verb (used with object), pur·sued, pur·su·ing.
verb (used without object), pur·sued, pur·su·ing.
Origin of pursue
Synonyms for pursue
Related Words for pursuedseek, attempt, prosecute, practice, continue, maintain, conduct, tackle, proceed, sue, chase, address, bait, fish, haunt, tag, hound, badger, trace, tail
Examples from the Web for pursued
Contemporary Examples of pursued
But instead he pursued a life of science, sailing all over the world to study animal species and their environments.‘Gods of Suburbia’: Dina Goldstein’s Arresting Photo Series on Religion vs. Consumerism
November 8, 2014
If confidence and strength were instilled in her at a young age, glamour was something she pursued.Diane von Furstenberg: How I Learned to Love My Wrap Dress
October 27, 2014
To believe the British press, it sounds like you were pursued pretty aggressively by writer-director Hugo Blick for this role.‘The Honorable Woman’ Is Maggie Gyllenhaal's Best Performance Yet
July 31, 2014
“I pursued a career in national security with the motivation of improving the national security policy of my country,” he said.Fired From Los Alamos for Pushing Obama's Nuclear Agenda
Center for Public Integrity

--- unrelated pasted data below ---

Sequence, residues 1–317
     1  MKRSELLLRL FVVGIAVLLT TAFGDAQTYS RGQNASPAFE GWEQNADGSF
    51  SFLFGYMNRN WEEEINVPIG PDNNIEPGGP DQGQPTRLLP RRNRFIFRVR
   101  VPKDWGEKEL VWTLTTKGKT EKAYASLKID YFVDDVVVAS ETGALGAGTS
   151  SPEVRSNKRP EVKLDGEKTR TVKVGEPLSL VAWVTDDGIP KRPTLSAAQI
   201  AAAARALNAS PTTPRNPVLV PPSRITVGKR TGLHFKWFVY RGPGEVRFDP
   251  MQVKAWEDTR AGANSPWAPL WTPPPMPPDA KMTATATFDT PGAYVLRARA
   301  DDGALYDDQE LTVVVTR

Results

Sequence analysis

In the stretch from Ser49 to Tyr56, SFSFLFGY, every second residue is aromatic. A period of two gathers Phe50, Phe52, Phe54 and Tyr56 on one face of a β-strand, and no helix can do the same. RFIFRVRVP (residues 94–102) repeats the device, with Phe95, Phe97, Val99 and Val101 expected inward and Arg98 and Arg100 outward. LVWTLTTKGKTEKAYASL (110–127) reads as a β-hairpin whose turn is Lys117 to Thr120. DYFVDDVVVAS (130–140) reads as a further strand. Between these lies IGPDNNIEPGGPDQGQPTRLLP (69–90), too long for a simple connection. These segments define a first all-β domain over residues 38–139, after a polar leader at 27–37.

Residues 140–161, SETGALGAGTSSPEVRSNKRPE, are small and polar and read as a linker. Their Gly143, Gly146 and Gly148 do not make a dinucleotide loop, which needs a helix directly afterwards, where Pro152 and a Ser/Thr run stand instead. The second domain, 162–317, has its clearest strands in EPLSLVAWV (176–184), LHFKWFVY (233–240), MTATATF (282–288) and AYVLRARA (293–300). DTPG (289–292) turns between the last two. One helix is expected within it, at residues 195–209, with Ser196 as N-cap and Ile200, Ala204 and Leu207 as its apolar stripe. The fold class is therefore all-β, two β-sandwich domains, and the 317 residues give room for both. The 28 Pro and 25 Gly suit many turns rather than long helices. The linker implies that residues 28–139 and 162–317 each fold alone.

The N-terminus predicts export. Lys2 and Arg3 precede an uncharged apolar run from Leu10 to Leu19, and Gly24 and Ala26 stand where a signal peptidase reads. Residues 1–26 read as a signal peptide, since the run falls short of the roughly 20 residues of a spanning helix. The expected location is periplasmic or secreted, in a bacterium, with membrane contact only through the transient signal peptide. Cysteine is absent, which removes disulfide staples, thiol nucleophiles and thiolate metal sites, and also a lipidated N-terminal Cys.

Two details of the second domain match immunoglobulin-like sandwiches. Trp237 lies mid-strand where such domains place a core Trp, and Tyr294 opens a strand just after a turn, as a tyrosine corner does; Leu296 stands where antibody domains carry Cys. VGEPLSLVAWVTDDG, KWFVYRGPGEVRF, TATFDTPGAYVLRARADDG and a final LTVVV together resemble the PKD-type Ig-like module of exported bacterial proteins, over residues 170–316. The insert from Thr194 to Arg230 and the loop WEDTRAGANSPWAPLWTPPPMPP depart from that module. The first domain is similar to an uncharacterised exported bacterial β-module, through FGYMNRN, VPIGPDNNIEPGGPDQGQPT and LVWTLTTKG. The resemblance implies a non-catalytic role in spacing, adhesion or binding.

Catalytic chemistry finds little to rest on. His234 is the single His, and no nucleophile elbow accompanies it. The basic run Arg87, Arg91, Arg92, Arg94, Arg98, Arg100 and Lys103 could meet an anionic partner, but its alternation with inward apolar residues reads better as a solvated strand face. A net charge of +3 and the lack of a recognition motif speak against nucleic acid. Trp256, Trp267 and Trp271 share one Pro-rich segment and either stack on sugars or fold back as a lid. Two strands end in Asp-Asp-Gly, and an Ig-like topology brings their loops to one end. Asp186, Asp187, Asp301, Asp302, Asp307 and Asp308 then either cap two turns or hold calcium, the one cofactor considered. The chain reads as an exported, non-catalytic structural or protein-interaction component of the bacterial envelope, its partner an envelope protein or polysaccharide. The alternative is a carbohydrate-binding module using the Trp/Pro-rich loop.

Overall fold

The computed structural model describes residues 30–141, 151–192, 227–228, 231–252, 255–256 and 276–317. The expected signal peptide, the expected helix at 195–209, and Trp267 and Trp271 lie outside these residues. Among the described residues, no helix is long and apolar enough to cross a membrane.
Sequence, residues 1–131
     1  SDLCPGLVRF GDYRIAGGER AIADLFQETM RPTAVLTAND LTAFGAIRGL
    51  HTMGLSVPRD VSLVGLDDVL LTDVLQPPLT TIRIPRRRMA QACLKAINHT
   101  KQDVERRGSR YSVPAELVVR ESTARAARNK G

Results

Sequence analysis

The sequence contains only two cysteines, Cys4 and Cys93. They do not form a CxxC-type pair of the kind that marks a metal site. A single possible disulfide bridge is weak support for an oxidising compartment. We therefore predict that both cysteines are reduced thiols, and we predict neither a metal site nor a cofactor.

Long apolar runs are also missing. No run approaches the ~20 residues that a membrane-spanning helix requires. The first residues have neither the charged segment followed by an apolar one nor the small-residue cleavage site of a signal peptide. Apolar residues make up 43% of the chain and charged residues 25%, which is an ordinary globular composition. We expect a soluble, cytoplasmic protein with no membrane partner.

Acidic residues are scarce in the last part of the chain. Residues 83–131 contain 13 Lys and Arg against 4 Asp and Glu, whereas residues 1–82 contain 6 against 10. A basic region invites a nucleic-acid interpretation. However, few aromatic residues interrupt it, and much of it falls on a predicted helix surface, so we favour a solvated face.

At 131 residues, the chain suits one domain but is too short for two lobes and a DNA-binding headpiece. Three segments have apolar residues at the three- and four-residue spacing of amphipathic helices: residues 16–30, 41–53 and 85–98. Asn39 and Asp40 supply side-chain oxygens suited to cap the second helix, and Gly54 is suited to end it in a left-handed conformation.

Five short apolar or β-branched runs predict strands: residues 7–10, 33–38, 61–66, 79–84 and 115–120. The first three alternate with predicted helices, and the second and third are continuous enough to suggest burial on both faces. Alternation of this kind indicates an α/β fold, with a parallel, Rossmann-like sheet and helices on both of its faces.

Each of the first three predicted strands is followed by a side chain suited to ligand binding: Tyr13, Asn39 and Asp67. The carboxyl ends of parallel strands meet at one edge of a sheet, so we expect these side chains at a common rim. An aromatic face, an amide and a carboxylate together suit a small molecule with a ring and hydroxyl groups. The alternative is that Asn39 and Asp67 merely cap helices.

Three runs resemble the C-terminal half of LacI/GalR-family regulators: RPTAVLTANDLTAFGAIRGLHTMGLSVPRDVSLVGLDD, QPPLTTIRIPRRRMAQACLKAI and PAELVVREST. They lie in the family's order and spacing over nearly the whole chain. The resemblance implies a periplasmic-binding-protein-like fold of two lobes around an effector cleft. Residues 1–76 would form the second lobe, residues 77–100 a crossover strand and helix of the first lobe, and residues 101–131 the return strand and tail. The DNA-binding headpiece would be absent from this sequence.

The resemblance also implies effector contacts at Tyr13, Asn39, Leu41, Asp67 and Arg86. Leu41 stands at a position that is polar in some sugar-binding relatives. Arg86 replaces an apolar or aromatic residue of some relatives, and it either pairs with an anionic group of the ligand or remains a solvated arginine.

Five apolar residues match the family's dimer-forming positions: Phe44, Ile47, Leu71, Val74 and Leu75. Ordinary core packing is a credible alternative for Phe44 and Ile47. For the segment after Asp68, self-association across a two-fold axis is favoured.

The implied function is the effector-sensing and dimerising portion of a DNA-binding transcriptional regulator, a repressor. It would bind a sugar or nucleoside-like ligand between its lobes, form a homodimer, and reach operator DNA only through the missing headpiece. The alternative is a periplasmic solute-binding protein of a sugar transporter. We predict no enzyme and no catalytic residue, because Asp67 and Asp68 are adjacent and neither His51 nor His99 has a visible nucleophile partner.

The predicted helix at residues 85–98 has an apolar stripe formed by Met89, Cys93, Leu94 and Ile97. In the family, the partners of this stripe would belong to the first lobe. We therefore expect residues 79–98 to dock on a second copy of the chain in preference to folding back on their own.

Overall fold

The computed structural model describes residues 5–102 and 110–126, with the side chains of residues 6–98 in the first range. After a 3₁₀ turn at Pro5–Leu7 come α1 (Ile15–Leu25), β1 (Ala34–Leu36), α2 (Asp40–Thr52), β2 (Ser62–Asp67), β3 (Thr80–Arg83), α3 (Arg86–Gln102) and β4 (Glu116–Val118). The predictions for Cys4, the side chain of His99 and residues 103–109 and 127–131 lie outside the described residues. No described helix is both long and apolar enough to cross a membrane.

July 31, 2014
Even the most basic research, which may have no immediate application, is pursued to increase our knowledge.Girls Love Science. We Tell Them Not To.
July 17, 2014
Historical Examples of pursued
For twenty-three days more Eyre and his attendant Wylie pursued their way.Explorations in Australia
As M'Ilraith was now in a strong hold, Marion pursued him no further.A Sketch of the Life of Brig. Gen. Francis Marion
William Dobein James
A few, who escaped from the river, were pursued and cut down by the Syracusan horse.Stories from Thucydides
H. L. Havell
"Still, I added to the collection to-day," pursued Miss Whitmore, calmly.Chip, of the Flying U
B. M. Bower
Was it but another devilish trick of the misfortune that pursued him?Thoroughbreds
W. A. Fraser
verb -sues, -suing or -sued (mainly tr)
Word Origin for pursue
late 13c., "to follow with hostile intent," from Anglo-French pursuer and directly from Old French poursuir (Modern French poursuivre), variant of porsivre "to chase, pursue, follow; continue, carry on," from Vulgar Latin *prosequare, from Latin prosequi "follow, accompany, attend; follow after, escort; follow up, pursue," from pro- "forward" (see pro-) + sequi "follow" (see sequel). Meaning "to proceed, to follow" (a path, etc.), usually figurative (a course of action, etc.), is from late 14c. This sense also was in Latin. Related: Pursued; pursuing. For sense, cf. prosecute.